When Joyce Ma­son took in three or­phaned lambs on her farm, lit­tle did she know that it would lead to her open­ing her own Devon yarn shop. Penny Batch­e­lor hears her story

The Knitter - - Contents -

Devon’s in­spir­ing yarn store

BOVEY TRACEY is a ru­ral gate­way town to Dart­moor in Devon, and is home to Joyce Ma­son’s shop Spin A Yarn. Named after Joyce’s love of spin­ning, a hobby she took up to make use of the fleece from her three adopted lambs, the shop is an award-win­ning yarn store in the South West.

For Joyce, how­ever, run­ning her own yarn shop hadn’t been a life­long dream. It was only when she and her fam­ily went on hol­i­day to New Zealand, and her daugh­ters fell in love with lo­cally spun and dyed skeins of merino-kid mo­hair, that her light­bulb mo­ment oc­curred. She taught her daugh­ters to knit, and it was they who sug­gested she open a shop – if they couldn’t find the yarns they fell in love with on hol­i­day in the UK, then why shouldn’t their mother sell them?

Spin A Yarn opened for busi­ness in July 2006, and three years later moved to its cur­rent, larger premises in Bovey Tracey. Here, the team runs knit­ting groups and work­shops, and of­fers cus­tomers a well-re­ceived com­ple­men­tary hot drink. Over the years, Joyce and her friendly Spin A Yarn team have also treated vis­i­tors to a num­ber of knitwear fash­ion shows fea­tur­ing de­sign­ers such as Martin Storey, Louisa Hard­ing, Sasha Ka­gan, Ali­son Crowther-Smith and Deb­bie Bliss.

Joyce is fas­ci­nated by nat­u­ral yarns and, she says, has no in­ter­est in plain acrylics. “I love fine merino, silk and but­tery-soft baby al­paca, and am tempted by th­ese qual­ity fi­bres from all around the world. I’m also at­tracted to un­usual fi­bres and have bought those made from soya bean, banana fi­bre and sug­ar­cane.”

Along­side well-known Bri­tish yarn brands such as Rowan, Deb­bie Bliss and West York­shire Spin­ners, the store also stocks those New Zealand yarns that in­spired Joyce to open a yarn store: Rare Yarns NZ, an 80% al­paca and 20% merino blend, and Touch Yarns NZ, of­fer­ing cus­tomers a choice of skeins spun from merino, pos­sum and mo­hair.

An­other rare yarn that tempts cus­tomers to the Bovey Tracey shop is the 4ply Arc­tic Qiviut. It’s the in­ner wool of the musk ox, an arc­tic mam­mal. Qiviut is stronger and warmer than sheep’s wool, and is said to be softer than cash­mere. It cer­tainly doesn’t come cheap, at more than £80 for a skein, but Spin A Yarn nd of­fers buy­ers a free Arc­tic Cir­cle Cowl pat­tern de­signed by An­niken Al­lis ex­clu­sively for the yarn. The 100% Qiviut skeins come in three colours: Glacier Blue, Arc­tic Meadow and Lupine. One for your yarn bucket list!

For Joyce, her Devon lo­ca­tion is very im­por­tant. “Peo­ple come to Devon to be in­spired by the nat­u­ral beauty which sur­rounds us here, and that is re­flected in the nat­u­ral beauty of the yarns we stock. Be­ing sit­u­ated in Bovey Tracey is equally im­por­tant… ev­ery year the Con­tem­po­rary Craft Fair comes to town, which is one of the big­gest, most ac­claimed craft events in the coun­try.”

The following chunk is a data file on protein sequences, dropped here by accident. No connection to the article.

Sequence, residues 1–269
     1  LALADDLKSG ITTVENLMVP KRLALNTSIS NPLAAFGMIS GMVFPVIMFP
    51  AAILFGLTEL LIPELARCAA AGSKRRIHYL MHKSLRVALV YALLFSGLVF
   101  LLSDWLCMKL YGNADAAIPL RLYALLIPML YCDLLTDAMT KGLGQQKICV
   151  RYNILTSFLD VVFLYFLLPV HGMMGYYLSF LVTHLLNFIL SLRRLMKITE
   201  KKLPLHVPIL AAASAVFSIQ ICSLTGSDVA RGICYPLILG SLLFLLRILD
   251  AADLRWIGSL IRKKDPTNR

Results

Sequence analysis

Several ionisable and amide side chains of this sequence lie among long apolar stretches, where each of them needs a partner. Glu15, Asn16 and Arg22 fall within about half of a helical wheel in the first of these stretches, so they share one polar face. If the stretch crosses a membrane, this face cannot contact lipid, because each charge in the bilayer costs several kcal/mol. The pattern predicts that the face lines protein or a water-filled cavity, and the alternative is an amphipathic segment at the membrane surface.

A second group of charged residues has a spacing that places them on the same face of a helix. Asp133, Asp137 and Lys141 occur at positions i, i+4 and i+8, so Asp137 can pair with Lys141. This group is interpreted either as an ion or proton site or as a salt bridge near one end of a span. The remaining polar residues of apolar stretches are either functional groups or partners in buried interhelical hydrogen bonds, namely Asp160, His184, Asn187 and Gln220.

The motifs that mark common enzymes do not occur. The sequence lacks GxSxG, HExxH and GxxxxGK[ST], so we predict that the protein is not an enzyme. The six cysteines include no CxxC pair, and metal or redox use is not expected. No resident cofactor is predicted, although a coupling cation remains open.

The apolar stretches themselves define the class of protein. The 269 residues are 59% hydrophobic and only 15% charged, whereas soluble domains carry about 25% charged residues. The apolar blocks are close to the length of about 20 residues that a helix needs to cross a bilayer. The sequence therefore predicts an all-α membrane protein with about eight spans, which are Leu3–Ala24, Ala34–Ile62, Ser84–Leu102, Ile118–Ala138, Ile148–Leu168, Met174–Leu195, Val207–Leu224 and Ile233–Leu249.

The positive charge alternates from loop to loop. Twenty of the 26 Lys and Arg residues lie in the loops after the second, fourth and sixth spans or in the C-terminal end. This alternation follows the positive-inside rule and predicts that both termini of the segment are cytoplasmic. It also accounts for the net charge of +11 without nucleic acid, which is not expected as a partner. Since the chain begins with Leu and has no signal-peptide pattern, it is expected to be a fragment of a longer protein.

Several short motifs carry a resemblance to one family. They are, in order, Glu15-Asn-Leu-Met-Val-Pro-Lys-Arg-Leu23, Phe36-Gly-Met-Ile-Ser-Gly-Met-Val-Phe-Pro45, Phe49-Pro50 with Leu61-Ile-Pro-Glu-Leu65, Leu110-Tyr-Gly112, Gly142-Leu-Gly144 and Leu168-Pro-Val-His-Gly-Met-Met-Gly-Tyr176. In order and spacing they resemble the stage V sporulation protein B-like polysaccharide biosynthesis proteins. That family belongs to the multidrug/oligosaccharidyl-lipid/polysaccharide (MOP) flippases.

Twice a year Spin A Yarn of­fers new sea­son prod­ucts. Says Joyce: “Bri­tish yarns are rapidly be­com­ing more im­por­tant again, with finer-qual­ity yarns such as West York­shire Spin­ners Exquisite be­ing spun in this coun­try. Blue­faced Le­ices­ter is still one of the most de­sir­able yarns in the world, and UK al­paca fleece has a won­der­ful qual­ity.”

As for colours, Spin A Yarn cus­tomers par­tic­u­larly love mix­tures of blue, teal and green, and shades of grey, Joyce re­ports. “Bright pops of colour such as mus­tard yel­low, red and cy­cla­men also sell well,” she says. “The deep-dyed Mal­abrigo mixes are es­pe­cially close to ev­ery­one’s heart.”

Joyce stresses that the ex­per­tise of her team makes Spin A Yarn dif­fer­ent from other yarn shops. “Ev­ery mem­ber has their own par­tic­u­lar tal­ent – some are colour ge­niuses, oth­ers tech­ni­cal pros, or are great at ‘read­ing’ ex­actly what a cus­tomer needs,” she says. “All the staff have been knit­ting and/or cro­chet­ing for many years.” Lo­cal ex­perts also pro­vide classes. Long-stand­ing work­shop favourites in­clude the pro­fes­sional fin­ish­ing tech­niques class from Claire Cromp­ton (author of The

Knit­ter’s Bi­ble), and An­niken Al­lis’s Fair Isle and steek­ing classes. “Our cro­chet and spin­ning work­shops sell out very fast, too, as peo­ple just love to learn new skills.”

This year will see a big change to Spin A Yarn as, after 12 years, Joyce Ma­son is re­tir­ing and the busi­ness is in the process of get­ting a new owner. “You will have to watch this space to see where they take Spin A Yarn!” says Joyce. What’s for sure is that the per­son who takes over will have a hard act to fol­low.

The shop has many vis­i­tors, in­clud­ing th­ese lo­cal al­pacas!

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